GARY GRAHAM’S old man is a notorious tough nut. George came up the hard way on Stirling’s Raploch estate, joined the army when he was 16 and spent 11 years in the service of the Argyll and Sutherland Highlanders, followed by five years putting his body on the line playing rugby league for Carlisle in the north of England. He returned to the 15-man code when the game went ‘open’ in the mid-1990s and – at the ripe old age of 31 – the prop forward finally became a full Scotland cap against Australia at Murrayfield in November 1997. He went on to pick up 25 caps in total.
More recently, George has forged a formidable reputation as a no-nonsense coach with Gala in the Scottish club game, the Scotland national team, Petrarca Padova in Italy, Gala again and most recently Hawick.
But Graham senior also has a soft side. He freely admits to crying buckets with his front-row comrade Kevin McKenzie on the night he left his hometown club of Stirling County to play rugby league, and after Gary Armstrong’s last cap at the 1999 World Cup, and when he left Newcastle Falcons to join the Border Reivers in 2002, and so on.
And he was at it again on Saturday afternoon, this time when Gary – after one of the most tortuous courtships in international rugby history – finally joined him as a fully-fledged Scotland cap, playing the final nine minutes in his country’s victory over Italy at Murrayfield.
“I saw him after the game and he was bawling his eyes out saying how proud he was,” explained junior. “It was a really special moment.”
You get the feeling George would have blubbed anyway, but the rollercoaster journey his second son has been on to get to this point will have undoubtedly heightened emotions.
This time last year Gary was a member of England’s Six Nations training squad, having grown disillusioned by a lack of love coming from north of the Border. He had represented Scotland at Under-20s and Club XV level whilst playing under his father at Gala, but by 2015 it had become painfully clear that he was not seen as a potential pro player by the SRU and he decided to throw his lot in with English Championship side Jersey Reds.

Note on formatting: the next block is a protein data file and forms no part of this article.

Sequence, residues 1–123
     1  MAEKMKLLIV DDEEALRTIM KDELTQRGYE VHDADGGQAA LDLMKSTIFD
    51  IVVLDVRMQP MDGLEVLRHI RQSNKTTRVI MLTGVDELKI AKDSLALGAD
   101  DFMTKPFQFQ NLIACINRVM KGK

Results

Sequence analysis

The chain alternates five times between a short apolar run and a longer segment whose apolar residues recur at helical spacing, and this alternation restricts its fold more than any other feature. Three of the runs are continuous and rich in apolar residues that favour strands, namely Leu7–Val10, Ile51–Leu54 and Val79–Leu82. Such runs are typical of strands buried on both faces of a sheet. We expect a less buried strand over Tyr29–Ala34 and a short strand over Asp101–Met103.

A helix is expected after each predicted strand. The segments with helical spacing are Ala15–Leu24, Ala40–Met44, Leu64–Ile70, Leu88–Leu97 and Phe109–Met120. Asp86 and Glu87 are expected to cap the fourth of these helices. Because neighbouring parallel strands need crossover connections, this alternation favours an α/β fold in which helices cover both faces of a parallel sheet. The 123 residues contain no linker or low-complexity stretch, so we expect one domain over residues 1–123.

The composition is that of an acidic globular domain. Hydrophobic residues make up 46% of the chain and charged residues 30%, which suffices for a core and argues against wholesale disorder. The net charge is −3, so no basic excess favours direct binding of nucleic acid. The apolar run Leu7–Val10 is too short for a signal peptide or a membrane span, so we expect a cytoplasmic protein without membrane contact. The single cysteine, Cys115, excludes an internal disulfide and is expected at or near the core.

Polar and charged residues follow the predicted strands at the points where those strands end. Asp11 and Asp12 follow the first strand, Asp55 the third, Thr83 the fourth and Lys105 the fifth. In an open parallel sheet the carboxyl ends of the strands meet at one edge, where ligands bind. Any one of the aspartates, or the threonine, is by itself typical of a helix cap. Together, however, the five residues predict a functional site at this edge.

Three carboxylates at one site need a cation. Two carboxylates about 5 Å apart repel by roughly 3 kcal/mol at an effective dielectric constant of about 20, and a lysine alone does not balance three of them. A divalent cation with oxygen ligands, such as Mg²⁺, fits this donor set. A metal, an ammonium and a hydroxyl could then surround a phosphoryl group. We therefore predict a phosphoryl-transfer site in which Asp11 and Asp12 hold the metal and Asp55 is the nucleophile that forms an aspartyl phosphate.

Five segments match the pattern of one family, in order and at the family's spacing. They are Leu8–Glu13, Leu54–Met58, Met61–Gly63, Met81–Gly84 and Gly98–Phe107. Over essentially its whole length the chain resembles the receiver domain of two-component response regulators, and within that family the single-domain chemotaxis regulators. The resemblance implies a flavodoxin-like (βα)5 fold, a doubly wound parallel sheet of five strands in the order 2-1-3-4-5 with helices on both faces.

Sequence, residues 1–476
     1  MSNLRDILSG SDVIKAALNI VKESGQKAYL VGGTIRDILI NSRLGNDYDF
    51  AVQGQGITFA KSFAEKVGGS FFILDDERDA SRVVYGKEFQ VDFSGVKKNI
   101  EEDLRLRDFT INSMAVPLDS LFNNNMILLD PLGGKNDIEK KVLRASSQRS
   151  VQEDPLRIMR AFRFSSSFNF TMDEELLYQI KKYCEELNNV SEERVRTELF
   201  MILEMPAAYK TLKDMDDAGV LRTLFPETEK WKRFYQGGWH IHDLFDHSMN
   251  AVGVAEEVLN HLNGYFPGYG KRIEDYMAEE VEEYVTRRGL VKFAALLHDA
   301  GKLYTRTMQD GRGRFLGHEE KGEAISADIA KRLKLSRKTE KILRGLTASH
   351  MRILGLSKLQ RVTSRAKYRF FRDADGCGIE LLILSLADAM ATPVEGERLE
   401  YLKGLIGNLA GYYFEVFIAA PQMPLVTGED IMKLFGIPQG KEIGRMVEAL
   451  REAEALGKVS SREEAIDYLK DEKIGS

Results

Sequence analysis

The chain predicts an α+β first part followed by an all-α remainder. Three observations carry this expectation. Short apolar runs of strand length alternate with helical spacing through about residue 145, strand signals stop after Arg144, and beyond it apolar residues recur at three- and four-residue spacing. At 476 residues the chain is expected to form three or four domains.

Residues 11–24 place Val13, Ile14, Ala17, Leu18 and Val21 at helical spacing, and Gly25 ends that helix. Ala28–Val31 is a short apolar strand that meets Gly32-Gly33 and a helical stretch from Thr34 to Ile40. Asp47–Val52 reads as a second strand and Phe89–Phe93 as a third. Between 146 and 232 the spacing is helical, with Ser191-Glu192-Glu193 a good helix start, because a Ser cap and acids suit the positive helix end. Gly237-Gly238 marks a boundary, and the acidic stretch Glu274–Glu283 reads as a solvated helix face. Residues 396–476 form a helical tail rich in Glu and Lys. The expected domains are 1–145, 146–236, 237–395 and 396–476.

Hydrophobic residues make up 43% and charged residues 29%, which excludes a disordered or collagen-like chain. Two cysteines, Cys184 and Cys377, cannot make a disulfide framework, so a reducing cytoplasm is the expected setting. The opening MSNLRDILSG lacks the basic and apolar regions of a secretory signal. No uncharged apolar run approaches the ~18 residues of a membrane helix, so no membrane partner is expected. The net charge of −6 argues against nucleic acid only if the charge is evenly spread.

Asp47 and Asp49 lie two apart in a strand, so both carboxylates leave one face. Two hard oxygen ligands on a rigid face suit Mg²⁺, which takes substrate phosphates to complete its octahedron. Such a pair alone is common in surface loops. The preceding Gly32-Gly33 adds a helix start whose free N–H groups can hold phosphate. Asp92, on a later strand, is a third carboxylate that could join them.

An offer too good to refuse?
Two years later he got a chance of the big time at his dad’s old stomping ground of Newcastle Falcons, and no sooner had he arrived at Kingston Park than Eddie Jones was on the phone. Graham wasn’t quite sure what to make of it.
“When I first signed for Newcastle I was hoping I might get a game or two. Then I got a couple and I became a regular. When it [the call from Jones] happened, I thought there must be someone called Gary Graham in a different team. I was just happy to be involved to be honest.”
It is easy to get all idealistic about this. To be absolutely certain of your own unwavering loyalty to the thistle. To find it unfathomable that any true-blooded Scot could ever countenance wearing the rose.
But most of us haven’t dedicated our life to becoming the absolutely best rugby player we can be, and then put on the spot where you have to choose between: A – the biggest and richest rugby playing nation in the world, where you happen to have spent most of your life, and who have now expressed an interest in you; or, B – the country you are ancestrally linked to, who have a far smaller player pool but have still shown next to no interest in you for several years.
Graham made his choice and, looking at it dispassionately, it is not hard to see his reasoning. But he then made another decision which wasn’t so clever when he gave an interview to the Daily Mail in which he said a few things which were hardly going to endear him north of the border. It was an impetuous move, which came back to bite him on the backside when it became obvious that he and England were not really a good fit (after injury ruled him out of that Six Nations campaign and he wasn’t selected for the summer tour of South Africa).
‘I’m now where I’m supposed to be’
“I’ve had a few wind-ups, but we all make mistakes,” said Graham, when asked how his squad-mates had dealt with his English dalliance. “It was a bit of silliness from me. But I’m now where I’m supposed to be.
“They [teammates] had been perfect, really good boys. Everything is geared towards winning and Scotland being a better team. I’m just happy to be a part of it.”
“I’m still kind of pinching myself. When we came in, I got off the bus and I was choking back tears. I didn’t really know what was going on. I don’t know where I am or what I’m doing so I’m just taking it as it comes.”
Nine minutes was hardly long enough to do much on Saturday, but as proud as the old boy is, it won’t stop Scotland Cap Number 918 finding some home truths to deliver Scotland Cap Number 1102 once the tears subside.
“He’s my biggest critic,” said the son, with a knowing smile. “But I think that has probably got me to where I am. He used to drive me hard when I was at Gala and even at Newcastle he watches all my games back and tells me what I’ve done wrong. I’ve never had a good game according to my dad.
“He is probably the most passionate Scotsman on the planet and he has instilled that in me. Getting here and reliving the dream that he had and the dream that I had is a really special moment for us both.”